History is written by victors, conquering their version of events into hard fact. Yet every once in a while, the rug gets pulled up from under us, and we’re forced to re-evaluate the past. For example: Every kid in America knows that Christopher Columbus was the first European to discover the New World in 1492.Well, thanks to a couple of tenacious Norwegians and a little outpost on the northern tip of Newfoundland, the textbooks have been revised. The Icelandic Sagas, dating back to the 10th and 11th centuries, told stories of “Vinland”, a land of wild grapes, located in the west beyond Iceland and Greenland. The sagas told how Vinland was visited and settled by Vikings, although there was never any proof to back this up. Some theories believe that prior to Columbus, the Chinese traded with indigenous Americans, and even Irish seamen traded on the American coast. A lack of physical evidence sinks as many ancient theories as the Atlantic sinks boats. The fact that there exists a Central and South American demi-god who sailed in from the ocean – tall, white, red-headed and bearded – certainly suggests European influence in the Americas in ages past. Yet without proof, the historical record of Columbus held true.
In the 1960’s, Norwegian adventurer Helge Ingstad and his archaeologist wife Anne Stine Ingstad combed the eastern coast of North America searching for physical evidence of Norse settlement. After many red herrings along a coast rich with cod, they happened upon a small, isolated fishing community called L’anse Aux Meadows. When they described to locals what they were looking for, they were surprised to be led to a series of raised mounds. The locals had attributed them to indigenous people, and the kids who played on them called them the “Indian Camps”. Over the next eight years, the Ingstad’s excavations uncovered undeniable proof that this was in fact a Norse settlement dating back to 1000 AD – almost five hundred years before Columbus. Working in oft-brutal weather conditions, they discovered eight complete house sites, and the remains of a ninth. Parks Canada took over in the 1970’s, and when UNESCO awarded its first World Heritage Site to Canada in 1978, the archaeological and historical significance of L’anse Aux Meadows was selected.
“Ya know, you definitely have some Viking in ya,” says the colourful site interpreter, Clayton Colborne. With my blue eyes and red-tinged beard, it certainly suggests some interesting breeding in my European Jewish heritage. Clayton was born and raised in the tiny community of L’Anse aux Meadows (population 25) and used to play on the archeological site as a kid. Today, his bearded, bright-eyed face adorns the Parks Canada pamphlet inside their modern Visitor Centre. It’s a grey, foggy day, but the drive here from Gros Morne National Park was pretty enough, dotted with fishing communities. The landscape looks like tundra, but Clayton tells me that’s only because all the trees close to the road have been cut down. Homes still need a good supply of wood to make it through the long hard winter, and the nearest tree usually does the trick. Despite the solid tourism traffic, Clayton reckons the actual town of L’anse Aux Meadows – dating back to the mid-19th century when the French ruled the shoreline – will probably disappear. All the young folk have moved on.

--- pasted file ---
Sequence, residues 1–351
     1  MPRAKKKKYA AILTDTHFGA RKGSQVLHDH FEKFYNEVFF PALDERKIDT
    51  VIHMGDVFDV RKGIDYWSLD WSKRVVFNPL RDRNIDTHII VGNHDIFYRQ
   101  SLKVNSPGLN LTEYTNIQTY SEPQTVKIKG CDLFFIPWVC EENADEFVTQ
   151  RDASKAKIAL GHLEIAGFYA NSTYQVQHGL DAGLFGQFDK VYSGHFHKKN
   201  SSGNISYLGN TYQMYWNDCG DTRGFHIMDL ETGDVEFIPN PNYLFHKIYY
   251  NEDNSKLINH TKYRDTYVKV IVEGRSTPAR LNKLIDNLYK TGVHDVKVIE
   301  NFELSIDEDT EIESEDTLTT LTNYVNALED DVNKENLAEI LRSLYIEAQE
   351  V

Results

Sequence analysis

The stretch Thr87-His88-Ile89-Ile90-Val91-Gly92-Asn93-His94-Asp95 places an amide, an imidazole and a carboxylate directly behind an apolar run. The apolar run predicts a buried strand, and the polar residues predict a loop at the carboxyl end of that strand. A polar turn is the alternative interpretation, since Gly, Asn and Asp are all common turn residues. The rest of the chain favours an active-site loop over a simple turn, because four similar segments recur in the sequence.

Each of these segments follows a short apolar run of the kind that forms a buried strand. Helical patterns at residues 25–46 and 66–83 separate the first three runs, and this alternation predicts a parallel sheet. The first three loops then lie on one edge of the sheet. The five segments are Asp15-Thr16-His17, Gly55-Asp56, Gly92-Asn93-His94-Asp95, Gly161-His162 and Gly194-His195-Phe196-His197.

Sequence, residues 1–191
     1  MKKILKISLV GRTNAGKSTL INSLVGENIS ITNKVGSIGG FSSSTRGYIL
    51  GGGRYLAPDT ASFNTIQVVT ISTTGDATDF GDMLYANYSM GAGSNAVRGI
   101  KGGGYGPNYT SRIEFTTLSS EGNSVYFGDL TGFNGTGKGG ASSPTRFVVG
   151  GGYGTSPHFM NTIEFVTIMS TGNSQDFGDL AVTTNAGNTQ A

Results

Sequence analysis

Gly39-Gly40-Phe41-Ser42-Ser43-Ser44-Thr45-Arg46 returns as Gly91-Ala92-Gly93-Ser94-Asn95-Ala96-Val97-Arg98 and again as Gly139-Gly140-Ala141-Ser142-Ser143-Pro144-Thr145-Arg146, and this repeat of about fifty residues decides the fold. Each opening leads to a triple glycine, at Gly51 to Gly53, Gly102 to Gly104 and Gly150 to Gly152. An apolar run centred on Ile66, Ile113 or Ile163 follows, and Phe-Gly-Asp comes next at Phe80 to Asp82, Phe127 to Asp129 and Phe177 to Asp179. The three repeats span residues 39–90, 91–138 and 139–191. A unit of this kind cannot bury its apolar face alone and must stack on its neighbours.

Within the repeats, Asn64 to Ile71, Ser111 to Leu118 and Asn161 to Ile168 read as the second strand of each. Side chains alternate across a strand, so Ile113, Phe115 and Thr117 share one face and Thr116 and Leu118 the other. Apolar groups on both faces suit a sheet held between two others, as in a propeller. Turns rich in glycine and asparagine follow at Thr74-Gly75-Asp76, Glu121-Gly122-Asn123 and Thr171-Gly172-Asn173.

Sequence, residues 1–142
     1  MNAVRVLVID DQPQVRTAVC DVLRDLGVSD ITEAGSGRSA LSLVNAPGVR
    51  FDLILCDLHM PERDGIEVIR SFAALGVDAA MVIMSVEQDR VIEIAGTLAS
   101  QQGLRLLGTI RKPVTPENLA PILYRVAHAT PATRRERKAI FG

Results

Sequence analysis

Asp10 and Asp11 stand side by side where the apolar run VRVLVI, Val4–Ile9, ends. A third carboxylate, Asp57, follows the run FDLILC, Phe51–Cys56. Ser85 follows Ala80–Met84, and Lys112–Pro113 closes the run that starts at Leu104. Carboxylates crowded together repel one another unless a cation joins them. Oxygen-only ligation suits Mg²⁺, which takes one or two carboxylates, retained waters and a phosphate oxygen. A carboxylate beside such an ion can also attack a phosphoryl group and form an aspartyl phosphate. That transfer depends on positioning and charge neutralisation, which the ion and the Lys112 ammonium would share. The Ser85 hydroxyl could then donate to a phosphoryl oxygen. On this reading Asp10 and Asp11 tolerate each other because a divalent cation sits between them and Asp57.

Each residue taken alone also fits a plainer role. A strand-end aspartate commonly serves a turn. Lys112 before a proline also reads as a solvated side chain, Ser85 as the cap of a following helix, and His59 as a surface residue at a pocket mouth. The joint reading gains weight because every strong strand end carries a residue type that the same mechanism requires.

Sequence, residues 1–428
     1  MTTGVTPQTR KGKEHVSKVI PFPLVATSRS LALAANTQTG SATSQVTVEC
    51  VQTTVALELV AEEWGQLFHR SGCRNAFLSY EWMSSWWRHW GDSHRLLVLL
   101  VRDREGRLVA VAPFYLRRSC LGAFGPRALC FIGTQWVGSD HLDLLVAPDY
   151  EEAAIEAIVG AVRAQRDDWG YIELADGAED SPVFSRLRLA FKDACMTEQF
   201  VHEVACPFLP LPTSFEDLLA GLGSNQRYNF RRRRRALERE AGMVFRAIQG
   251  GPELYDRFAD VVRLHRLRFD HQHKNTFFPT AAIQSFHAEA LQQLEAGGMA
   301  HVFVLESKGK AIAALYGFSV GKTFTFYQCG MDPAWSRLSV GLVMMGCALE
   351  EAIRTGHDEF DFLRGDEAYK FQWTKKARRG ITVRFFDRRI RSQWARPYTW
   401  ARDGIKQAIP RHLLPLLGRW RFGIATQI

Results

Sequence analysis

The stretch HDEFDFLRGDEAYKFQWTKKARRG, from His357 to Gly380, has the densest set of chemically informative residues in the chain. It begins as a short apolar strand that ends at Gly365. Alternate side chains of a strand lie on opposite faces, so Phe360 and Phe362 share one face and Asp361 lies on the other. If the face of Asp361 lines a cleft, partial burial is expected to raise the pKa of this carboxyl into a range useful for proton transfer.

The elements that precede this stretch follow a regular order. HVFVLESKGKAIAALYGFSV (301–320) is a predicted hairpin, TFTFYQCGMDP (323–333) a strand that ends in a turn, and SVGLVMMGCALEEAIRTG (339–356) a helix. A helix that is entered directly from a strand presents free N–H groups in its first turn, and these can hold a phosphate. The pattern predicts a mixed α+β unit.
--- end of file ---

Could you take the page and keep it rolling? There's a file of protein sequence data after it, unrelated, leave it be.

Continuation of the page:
After learning about Norse migration and other information from the Visitor Centre’s exhibits, we walk along a wooden boardwalk into the field, passing beneath a striking sculpture called The Meeting of Two Worlds.
“Full circle, ya know,” explains Clayton. “When the Norse arrived and interacted with the locals, it was the first time two branches of humanity met in 100,000 years!”
All that remains of the excavations themselves are mounds, grassed over like burial plots. The Ingstad’s discovered many artifacts confirming Norse settlement, including a bone knitting needle, a bronze fastening pin, and nails made of a type of iron common in the British Isles. Further along, Parks Canada have reconstructed a Norse hall, hut and house out of sod as they would have looked one thousand years ago. A re-enactor shares tales around a fire inside, and it isn’t hard to imagine the cold, brutal conditions these early settlers had to endure. Perhaps this explains why the settlement was abandoned after a decade’s use, the houses burned down. The Norse left, never to return again. Perhaps this was only a way-station en-route to a larger yet-discovered community, the Vinland so-named because of the wild grapes that grew there.
Perhaps it was abandoned because of a hostile relationship with the natives, since we can agree Vikings were not the most peace loving of people. It’s a mystery that remains to be solved. In any event, the only known evidence of European settlement in North America aged into obscurity, until a Spaniard arrived hundreds of years later and re-introduced Europe to the “New World”. In addition to experiencing the beauty of a stark landscape, and my new understanding of life from another millennia, I depart L’anse Aux Meadows enriched with Clayton’s stories, and the satisfying feeling that a tiny Canadian village has proudly rewritten North American history.